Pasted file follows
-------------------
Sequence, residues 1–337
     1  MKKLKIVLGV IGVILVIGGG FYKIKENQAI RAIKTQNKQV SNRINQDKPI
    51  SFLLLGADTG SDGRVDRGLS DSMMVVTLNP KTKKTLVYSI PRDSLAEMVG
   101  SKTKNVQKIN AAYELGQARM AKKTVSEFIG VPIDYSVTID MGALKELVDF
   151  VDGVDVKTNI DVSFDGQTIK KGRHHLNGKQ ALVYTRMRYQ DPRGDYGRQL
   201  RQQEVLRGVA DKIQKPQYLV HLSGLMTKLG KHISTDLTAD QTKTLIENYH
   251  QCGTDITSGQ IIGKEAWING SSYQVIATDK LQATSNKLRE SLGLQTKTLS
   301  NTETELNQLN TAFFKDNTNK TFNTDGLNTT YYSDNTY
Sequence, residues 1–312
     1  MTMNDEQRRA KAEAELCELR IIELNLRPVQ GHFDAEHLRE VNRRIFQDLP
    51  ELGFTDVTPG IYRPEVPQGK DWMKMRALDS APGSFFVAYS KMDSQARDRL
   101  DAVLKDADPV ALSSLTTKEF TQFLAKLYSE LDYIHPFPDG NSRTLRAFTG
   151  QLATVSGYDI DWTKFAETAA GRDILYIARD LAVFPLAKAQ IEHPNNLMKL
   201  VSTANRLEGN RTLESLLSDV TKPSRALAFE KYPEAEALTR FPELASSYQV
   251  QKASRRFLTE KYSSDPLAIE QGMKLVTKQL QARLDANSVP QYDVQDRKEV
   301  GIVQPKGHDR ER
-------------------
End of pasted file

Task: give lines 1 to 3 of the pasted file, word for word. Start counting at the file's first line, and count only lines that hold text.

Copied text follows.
Sequence, residues 1–337
     1  MKKLKIVLGV IGVILVIGGG FYKIKENQAI RAIKTQNKQV SNRINQDKPI
    51  SFLLLGADTG SDGRVDRGLS DSMMVVTLNP KTKKTLVYSI PRDSLAEMVG